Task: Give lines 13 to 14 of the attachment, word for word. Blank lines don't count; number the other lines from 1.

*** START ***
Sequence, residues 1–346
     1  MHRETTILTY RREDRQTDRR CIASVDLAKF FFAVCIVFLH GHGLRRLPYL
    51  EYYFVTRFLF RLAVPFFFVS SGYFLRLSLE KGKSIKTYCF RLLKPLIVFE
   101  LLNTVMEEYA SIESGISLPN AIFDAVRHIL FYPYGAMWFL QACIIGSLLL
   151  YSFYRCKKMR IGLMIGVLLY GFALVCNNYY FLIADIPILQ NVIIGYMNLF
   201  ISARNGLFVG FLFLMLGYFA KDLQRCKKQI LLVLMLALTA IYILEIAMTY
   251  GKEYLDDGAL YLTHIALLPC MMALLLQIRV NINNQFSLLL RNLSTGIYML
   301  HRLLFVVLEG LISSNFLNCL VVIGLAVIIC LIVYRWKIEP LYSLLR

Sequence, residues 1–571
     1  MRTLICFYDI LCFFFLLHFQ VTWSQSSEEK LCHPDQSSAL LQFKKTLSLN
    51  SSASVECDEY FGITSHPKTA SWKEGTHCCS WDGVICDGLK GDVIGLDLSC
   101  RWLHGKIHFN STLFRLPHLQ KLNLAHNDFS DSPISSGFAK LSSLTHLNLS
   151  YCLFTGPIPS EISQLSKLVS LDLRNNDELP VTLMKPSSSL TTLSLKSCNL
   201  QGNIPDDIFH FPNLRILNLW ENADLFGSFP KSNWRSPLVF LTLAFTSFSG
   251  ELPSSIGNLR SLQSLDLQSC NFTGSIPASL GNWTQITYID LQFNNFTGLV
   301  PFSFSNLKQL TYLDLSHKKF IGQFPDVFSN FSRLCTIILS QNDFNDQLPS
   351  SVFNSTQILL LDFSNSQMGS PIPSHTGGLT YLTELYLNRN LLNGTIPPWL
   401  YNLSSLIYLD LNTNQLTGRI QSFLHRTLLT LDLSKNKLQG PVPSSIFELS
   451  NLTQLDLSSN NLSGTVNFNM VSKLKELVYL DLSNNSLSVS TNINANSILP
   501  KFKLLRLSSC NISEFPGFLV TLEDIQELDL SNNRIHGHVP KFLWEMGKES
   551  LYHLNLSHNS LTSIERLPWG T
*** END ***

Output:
   151  YCLFTGPIPS EISQLSKLVS LDLRNNDELP VTLMKPSSSL TTLSLKSCNL
   201  QGNIPDDIFH FPNLRILNLW ENADLFGSFP KSNWRSPLVF LTLAFTSFSG